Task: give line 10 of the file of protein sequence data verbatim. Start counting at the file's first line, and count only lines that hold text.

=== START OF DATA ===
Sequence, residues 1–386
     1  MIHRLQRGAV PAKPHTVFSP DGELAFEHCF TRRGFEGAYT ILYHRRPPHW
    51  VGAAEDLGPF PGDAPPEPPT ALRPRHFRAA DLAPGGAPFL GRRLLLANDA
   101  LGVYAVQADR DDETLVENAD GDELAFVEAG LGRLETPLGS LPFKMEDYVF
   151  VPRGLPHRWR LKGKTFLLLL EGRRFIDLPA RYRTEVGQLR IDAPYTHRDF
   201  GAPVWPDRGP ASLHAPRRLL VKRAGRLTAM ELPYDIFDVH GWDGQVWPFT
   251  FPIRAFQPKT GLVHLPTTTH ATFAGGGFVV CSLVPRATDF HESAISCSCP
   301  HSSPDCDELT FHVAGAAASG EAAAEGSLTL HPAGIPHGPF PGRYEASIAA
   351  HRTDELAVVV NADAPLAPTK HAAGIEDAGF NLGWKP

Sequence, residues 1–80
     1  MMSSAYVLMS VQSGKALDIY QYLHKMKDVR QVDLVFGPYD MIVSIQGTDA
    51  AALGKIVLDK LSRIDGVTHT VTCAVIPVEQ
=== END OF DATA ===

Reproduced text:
Sequence, residues 1–80